Jean Marie Le Bris was a French sailor and sea captain who had observed the soaring flight of the albatross on trips around Cape Horn and the Cape of Good Hope. He was fascinated to see the bird floating and wheeling without any apparent exertion, its wings held apparently rigid. Le Bris killed one of the soaring wonders and experimented with its wing. He thought he detected a quality to the wing's interaction with the air which he termed "aspiration."
By December of 1856 he had constructed the first of two large relatively lightweight gliders based closely on the proportions and configuration of the albatross, which he designated, not surprisingly, "The Artificial Albatross." His mechanical 50 foot wing-span wooden and cloth albatross was outfitted with hand-operated levers to change the angle of incidence of the wings and with foot-operated devices to alter the relative position of the tail. He mounted the flying machine on a horse-drawn cart and had the cart's driver head the horse down a road, into the wind. When Le Bris attempted to slip the restraining rope and his craft began to lift into the air, but it hesitated, still attached by a snag. The Artificial Albatross finally broke free, but one report has the driver becoming snared in the line and going aloft with Le Bris and the glider. The original written report of this event, proclaiming itself to be true and accurate, stated that Le Bris and the glider rose to about 300 feet, with the cart driver dangling below, sailed about 600 feet, and then came to a controlled and gentle landing, only damaging a wing, the cart driver landing softly and unhurt. What ever the truth about the altitude reached, the distance flown, or whether there was an unwilling cart driver hanging from a rope beneath, it seems entirely credible that Le Bris did manage to make a gliding flight in his machine.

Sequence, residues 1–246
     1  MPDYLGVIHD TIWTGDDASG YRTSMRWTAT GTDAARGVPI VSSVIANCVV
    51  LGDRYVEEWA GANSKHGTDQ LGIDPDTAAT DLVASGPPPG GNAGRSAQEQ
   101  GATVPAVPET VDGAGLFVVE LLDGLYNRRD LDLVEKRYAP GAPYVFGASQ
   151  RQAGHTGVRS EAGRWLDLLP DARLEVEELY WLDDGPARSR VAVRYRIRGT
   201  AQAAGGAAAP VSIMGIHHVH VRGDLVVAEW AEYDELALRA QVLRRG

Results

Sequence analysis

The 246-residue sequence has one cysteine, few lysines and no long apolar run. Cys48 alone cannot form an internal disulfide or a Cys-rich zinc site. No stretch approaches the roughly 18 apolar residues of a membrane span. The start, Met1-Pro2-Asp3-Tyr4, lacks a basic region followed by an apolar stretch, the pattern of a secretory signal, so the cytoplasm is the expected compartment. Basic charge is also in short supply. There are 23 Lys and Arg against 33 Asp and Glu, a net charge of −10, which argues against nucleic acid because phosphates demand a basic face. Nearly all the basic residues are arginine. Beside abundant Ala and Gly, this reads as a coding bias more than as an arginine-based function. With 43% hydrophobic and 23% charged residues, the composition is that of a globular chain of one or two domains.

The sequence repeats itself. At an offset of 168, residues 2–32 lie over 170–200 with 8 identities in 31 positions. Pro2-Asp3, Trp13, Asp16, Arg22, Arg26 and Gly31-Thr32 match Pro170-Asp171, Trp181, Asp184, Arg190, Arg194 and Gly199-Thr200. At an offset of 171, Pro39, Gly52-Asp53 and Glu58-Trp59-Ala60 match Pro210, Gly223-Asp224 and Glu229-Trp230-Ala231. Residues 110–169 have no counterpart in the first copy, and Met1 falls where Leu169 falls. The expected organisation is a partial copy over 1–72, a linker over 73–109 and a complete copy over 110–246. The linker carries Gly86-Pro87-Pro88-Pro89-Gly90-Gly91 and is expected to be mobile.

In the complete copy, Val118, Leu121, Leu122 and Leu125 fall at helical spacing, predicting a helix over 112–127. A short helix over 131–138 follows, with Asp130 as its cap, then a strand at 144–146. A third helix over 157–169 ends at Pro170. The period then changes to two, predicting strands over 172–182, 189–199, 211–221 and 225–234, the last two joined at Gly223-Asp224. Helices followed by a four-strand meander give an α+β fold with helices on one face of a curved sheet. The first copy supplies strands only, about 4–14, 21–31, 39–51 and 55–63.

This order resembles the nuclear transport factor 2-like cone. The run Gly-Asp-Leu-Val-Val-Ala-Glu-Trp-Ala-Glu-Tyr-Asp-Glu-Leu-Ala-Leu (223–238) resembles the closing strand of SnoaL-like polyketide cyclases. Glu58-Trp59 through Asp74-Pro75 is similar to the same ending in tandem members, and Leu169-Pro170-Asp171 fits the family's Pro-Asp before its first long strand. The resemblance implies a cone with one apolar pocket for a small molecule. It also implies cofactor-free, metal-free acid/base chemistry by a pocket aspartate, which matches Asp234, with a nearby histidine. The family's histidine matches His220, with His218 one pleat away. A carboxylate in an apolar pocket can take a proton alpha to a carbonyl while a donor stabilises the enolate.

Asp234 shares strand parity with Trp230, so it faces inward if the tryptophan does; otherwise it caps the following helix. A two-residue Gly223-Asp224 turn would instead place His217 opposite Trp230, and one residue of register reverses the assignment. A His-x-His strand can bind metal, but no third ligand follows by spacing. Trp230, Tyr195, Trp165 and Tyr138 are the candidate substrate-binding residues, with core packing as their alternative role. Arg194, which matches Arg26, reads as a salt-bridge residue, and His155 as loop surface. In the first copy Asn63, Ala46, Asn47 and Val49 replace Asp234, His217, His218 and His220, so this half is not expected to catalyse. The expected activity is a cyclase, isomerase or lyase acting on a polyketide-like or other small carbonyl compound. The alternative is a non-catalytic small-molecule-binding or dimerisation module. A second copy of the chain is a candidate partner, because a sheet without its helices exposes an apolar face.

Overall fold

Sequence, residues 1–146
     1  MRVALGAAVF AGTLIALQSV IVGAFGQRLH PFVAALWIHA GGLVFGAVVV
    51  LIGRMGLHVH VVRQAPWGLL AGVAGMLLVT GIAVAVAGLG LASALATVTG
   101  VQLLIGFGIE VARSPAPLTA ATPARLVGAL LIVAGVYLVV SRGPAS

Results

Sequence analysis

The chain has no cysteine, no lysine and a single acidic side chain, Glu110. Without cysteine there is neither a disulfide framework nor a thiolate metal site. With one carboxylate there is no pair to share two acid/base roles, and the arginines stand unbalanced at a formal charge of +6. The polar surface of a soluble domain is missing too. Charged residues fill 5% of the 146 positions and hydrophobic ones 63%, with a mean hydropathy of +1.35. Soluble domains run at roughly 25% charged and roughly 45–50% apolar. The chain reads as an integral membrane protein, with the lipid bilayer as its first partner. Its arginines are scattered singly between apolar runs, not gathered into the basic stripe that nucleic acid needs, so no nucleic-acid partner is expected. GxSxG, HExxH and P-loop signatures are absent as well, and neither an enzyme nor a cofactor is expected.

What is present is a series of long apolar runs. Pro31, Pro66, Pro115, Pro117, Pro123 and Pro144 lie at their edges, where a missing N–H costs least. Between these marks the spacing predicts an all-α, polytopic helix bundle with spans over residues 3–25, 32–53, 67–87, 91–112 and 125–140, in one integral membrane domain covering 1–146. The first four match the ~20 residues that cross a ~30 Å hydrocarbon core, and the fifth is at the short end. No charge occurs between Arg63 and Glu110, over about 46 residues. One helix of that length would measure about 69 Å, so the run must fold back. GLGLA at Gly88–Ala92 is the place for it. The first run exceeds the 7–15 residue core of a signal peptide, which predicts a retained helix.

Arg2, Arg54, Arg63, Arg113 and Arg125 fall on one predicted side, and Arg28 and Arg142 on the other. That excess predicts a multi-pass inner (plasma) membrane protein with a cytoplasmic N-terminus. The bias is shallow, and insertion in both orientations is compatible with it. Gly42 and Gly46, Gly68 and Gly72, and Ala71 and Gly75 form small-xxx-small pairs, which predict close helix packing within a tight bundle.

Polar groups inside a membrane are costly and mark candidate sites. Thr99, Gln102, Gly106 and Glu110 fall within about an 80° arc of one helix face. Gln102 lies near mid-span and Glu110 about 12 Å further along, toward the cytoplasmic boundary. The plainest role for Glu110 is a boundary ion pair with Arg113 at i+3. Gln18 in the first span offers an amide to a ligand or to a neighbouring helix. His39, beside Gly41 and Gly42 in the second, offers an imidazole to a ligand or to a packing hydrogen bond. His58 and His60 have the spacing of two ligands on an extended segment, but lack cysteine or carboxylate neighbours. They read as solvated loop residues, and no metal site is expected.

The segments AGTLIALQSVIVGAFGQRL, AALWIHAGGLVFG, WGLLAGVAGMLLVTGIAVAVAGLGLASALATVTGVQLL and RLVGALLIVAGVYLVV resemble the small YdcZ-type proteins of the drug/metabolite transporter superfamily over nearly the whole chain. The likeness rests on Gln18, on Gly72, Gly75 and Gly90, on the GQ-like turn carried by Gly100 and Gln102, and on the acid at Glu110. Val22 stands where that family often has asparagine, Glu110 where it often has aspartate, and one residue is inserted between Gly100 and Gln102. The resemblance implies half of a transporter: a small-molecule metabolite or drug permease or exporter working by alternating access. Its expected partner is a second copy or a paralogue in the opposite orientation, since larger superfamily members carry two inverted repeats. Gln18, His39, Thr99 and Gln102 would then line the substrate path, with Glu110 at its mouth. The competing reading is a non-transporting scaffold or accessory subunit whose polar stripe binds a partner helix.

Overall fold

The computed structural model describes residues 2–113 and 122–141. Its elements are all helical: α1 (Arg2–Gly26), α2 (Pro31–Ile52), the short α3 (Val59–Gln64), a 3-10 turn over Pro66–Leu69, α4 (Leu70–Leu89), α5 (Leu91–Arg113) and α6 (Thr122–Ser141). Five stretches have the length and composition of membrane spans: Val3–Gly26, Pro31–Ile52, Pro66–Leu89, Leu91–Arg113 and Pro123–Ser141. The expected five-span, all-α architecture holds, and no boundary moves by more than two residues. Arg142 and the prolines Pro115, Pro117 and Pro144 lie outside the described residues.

After repairing the damage, Le Bris made a second attempt, this time dispensing with the cart, the horse and the driver, and fro this flight built a large mast and yard arm from which the repaired Artificial Albatross was suspended. The mast was mounted above the floor of a quarry, and Le Bris and his glider, once suspended, were about 100 feet above the quarry's bottom. The yard arm was turned so that the glider faced the wind, and after adjusting the incidence of the wings to a positive angle, Le Bris slipped the restraint and the glider began a long glide. Errant winds rising over the lip of the quarry caught Le Bris' machine and he over-corrected , beginning a series of undulations to the bottom where the Artificial Albatross hit hard and broke, as did one of Le Bris' legs.
His next attempt came in late 1867 or early 1868 at Brest, where he had raised funds to build the second Artificial Albatross, which was almost a duplicate of the first with the exception that it was somewhat lighter and carried a weight meant to provide some additional stability. This time he launched from a stationary cart, caught a rising wind by adjusting the incidence of the wings and managed to lift to about 35 feet and glide about 70 feet. He then tried glides with only ballast aboard and managed one flight of some 600 feet which reached an altitude of some 50 feet and finally landed gently. Subsequent attempts (absent Le Bris) resulted in damage, until finally the machine was severely damaged. Thus ended Le Bris career as a sailor of the air. About five years after this last series of aerial tests he was murdered by gang members. Le Bris' dedication to the cause of soaring flight, his innovative derivation of design and function from nature, and his translation to mechanical device, rather than merely being a copying of a natural form, was in itself a remarkable achievement. Le Bris was a pioneer and an innovative designer who drew on the familiar aspects of naval architecture to build what he hoped would be a ship of the air. He persevered with his experiments, succeeding in a fashion, despite personal injury and insult, and despite being relatively poor. The circumstances, dedication and achievement of Le Bris merit considerable recognition.